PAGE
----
Day 1 |
Jan 05, 2011

 Ushuaia, Argentina 

By by Peter W. Damisch, Historian, General Naturalist & Cartographer


Co-ordinates: 54o 49’ S, 068o 18’ W
Weather: Clear and calm in the morning with clouds moving in throughout the afternoon
Air Temperature: 14o C/58 o F
Pressure: 965 HPa
Wind: 50 km/hour

Today was a day to regretfully say good-bye to new friends developed during our prior voyage to the Falkland Islands, South Georgia Island and the Antarctic Peninsula. Many guests had said what an outstanding time they had had during their holiday and that our expedition was even more wonderful than they had ever imagined. Everyone was so enthusiastic regarding the sights and sounds that they had seen from nesting penguins to little chicks, to whales rolling about on the surface of the ocean just off the bow of the ship, to huge, tabular icebergs that were so much larger than even city blocks.

Everyone on board the Prince Albert II must now prepare for our new group of guests flying in from Buenos Aires and other cities across the globe. I spent a bit of ‘free time’ continuing my research into the whaling history of the Southern Ocean, a topic that I have worked on for almost 10 years. I’m always trying to improve the content of my presentations such that they can provide some fun while also offering the chance for our guests to ask questions and possibly learn something new.

Soon the transportation arrived with our new guests visiting from countries across all 6 other continents beyond Antarctica. As usual the ship is fully booked with many individuals indicating that they had scheduled their holiday over one year before! After a brief check-in process, everyone had the chance to relax for a bit of time after being escorted to their suites by Prince Albert II’s large staff of butlers.

Of course all sea voyages require participation in a mandatory safety and lifeboat briefing, which was held in The Theatre. Just one of the reasons that I personally enjoy working on board the Prince Albert II is that we have a dedicated facility with multiple screens and audio/visual equipment that can effectively support such an activity with both technology and comfort.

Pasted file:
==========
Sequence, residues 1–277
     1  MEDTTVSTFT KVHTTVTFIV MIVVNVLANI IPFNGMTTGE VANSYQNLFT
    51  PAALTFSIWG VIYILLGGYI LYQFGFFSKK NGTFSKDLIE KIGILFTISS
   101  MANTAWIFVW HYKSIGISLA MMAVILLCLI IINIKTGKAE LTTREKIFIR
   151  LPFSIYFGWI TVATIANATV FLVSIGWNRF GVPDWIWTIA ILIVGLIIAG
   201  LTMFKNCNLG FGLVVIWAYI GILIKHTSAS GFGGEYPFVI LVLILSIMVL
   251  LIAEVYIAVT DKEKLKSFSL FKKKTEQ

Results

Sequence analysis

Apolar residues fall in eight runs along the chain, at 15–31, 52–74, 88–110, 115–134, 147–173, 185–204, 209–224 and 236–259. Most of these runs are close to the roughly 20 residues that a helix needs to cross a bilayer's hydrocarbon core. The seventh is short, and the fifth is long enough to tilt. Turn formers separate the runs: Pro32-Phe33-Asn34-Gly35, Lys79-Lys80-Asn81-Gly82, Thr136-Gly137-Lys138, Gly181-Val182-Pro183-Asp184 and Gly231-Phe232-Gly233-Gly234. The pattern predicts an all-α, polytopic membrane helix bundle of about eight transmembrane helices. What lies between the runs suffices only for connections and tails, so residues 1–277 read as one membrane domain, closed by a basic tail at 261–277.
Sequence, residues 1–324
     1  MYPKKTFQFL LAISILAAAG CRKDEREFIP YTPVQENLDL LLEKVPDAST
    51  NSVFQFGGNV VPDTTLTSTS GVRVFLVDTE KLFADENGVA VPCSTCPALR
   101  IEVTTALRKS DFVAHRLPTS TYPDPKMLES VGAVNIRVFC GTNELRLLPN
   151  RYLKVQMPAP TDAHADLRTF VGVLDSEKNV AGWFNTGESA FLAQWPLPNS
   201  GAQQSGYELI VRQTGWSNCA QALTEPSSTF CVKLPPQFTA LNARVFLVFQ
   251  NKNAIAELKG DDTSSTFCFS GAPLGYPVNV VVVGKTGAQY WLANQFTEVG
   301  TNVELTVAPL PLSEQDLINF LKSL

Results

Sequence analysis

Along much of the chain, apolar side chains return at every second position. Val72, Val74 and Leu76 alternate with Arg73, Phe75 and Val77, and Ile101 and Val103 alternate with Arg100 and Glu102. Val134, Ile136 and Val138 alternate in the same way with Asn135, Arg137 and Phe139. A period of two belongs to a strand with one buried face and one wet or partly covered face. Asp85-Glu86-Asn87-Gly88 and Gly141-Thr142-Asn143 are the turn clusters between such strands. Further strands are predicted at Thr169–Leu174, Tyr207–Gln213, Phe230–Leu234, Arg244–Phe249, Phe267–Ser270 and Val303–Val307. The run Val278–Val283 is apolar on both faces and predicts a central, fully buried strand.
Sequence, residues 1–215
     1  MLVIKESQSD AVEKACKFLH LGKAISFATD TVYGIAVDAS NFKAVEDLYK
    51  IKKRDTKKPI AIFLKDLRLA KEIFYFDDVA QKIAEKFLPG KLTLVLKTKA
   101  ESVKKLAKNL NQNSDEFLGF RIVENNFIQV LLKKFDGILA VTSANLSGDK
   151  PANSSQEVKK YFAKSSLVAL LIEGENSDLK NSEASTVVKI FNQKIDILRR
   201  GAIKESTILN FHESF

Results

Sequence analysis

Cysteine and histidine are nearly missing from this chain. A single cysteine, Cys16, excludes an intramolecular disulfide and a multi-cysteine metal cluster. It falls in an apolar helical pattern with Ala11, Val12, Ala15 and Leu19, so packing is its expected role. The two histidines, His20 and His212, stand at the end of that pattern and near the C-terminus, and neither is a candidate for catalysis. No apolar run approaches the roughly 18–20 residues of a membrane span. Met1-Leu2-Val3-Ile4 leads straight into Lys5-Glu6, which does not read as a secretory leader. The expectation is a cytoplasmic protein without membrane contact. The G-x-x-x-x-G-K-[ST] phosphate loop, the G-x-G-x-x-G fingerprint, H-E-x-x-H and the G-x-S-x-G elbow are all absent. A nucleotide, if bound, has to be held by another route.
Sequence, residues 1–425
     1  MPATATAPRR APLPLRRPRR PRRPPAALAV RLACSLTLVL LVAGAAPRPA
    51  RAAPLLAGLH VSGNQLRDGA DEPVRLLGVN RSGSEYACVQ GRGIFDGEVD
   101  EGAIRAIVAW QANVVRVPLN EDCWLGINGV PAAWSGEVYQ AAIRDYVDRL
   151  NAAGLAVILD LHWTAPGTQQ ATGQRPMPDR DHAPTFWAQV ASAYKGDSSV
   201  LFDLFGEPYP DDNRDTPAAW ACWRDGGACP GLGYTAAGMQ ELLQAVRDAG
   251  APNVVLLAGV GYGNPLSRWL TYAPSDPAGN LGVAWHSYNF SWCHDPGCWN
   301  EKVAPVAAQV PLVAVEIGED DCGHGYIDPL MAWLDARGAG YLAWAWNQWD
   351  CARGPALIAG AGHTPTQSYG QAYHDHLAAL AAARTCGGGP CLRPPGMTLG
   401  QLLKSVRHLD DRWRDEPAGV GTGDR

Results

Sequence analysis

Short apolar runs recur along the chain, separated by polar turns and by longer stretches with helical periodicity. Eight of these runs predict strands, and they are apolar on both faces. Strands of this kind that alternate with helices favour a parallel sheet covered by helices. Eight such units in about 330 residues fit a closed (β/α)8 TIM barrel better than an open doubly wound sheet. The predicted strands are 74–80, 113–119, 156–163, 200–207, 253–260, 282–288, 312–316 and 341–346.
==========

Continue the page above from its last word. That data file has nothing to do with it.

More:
Our Expedition Leader, Robin West, then introduced several key members of the ship’s staff. Myself and the other members of the Expedition Team followed up by introducing ourselves and our area of expertise. The overview was concluded by a short discussion on the Prince Albert II’s new and revolutionary water system on board which provides each guest with reusable containers and does away with literally thousands of plastic bottles previously used for each voyage. This spectacular system has just recently come into operation and has been such a success that Silversea intends to ‘roll it out’ to the remainder of their fleet in the near future.

Turnaround day is often thought to be a fairly quiet day, but behind the scenes there are in fact a great deal of important activities that need to be accomplished before we depart Ushuaia, cruise down the Beagle Channel and head out into the Drake Passage en route to that magical destination of Antarctica, a land of wonder and beauty.